Supreme Court Upholds Prayer
According to a recent poll by NBC News, 77% of Americans still believe that prayer is an important part of Government meetings. On May 5th, the U.S. Supreme Court ruled that the American tradition of public prayer does not violate the Constitution. This is what the ruling establishes:
• Preserves the public prayer tradition that began with our founding.
• Protects the freedom of community volunteers to pray according
to their faith in a public setting, without censorship.
• Defends the prayer giver’s freedom of speech.
For many, praying is an instinctive, soul-deep reaction to times of great joy, deep distress, and crushing grief, and permeates all aspects of life.
America’s Founding Fathers wove religious protections into our laws and government and took time to pray together publicly as they set about writing our Constitution. Even today, our own government leaders pray before launching a day’s legislative work, inaugurating a governor or president, or speaking to families reeling from natural disasters and brutal terrorist attacks.
This decision from the Supreme Court affirms that Americans are free to pray. The Court reaffirmed the 1983 case Marsh v. Chambers, which upheld funding a chaplain to lead legislative prayer as permissible under the First Amendment. The Court today held that “it is not necessary to define the precise boundary of the Establishment Clause where history shows that the specific practice is permitted. Any test the Court adopts must acknowledge a practice that was accepted by the Framers and has withstood the critical scrutiny of time and political change.”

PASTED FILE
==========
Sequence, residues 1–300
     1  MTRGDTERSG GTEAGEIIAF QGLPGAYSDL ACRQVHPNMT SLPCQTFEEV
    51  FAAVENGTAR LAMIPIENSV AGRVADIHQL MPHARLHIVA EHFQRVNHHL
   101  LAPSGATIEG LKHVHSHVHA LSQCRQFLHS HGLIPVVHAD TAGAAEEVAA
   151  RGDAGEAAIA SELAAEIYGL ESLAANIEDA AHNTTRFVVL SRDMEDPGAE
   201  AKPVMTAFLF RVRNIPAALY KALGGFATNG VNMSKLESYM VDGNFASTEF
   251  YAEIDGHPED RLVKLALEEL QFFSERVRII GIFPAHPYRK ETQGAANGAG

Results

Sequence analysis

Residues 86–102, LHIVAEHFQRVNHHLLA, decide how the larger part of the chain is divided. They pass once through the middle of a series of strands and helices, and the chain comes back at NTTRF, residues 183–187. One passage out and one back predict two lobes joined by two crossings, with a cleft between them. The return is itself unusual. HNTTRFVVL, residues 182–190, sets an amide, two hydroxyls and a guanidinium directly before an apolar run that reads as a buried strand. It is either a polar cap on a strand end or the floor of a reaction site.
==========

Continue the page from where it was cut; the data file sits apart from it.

In other words, traditional intersections of religion and government cannot possibly be prohibited by the First Amendment. Legislative prayer, for example—even aggressively religious prayers that invoke Jesus or ask the audience to participate—has been a part of our nation since the Founding. The very Congress that passed the First Amendment, for example, opened its sessions with legislative prayer by a paid chaplain.
But many elected officials still fear to protect this institution due to intimidation and misinformation. So, show your Support for Public Prayer.
Report by: Nationaldayofprayer.org and The Heritage Network
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